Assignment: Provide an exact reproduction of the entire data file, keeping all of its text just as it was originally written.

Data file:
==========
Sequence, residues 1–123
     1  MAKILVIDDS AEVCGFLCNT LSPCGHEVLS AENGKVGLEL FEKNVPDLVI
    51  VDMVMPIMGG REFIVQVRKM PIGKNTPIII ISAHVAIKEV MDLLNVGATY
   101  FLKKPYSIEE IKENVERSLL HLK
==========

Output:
Sequence, residues 1–123
     1  MAKILVIDDS AEVCGFLCNT LSPCGHEVLS AENGKVGLEL FEKNVPDLVI
    51  VDMVMPIMGG REFIVQVRKM PIGKNTPIII ISAHVAIKEV MDLLNVGATY
   101  FLKKPYSIEE IKENVERSLL HLK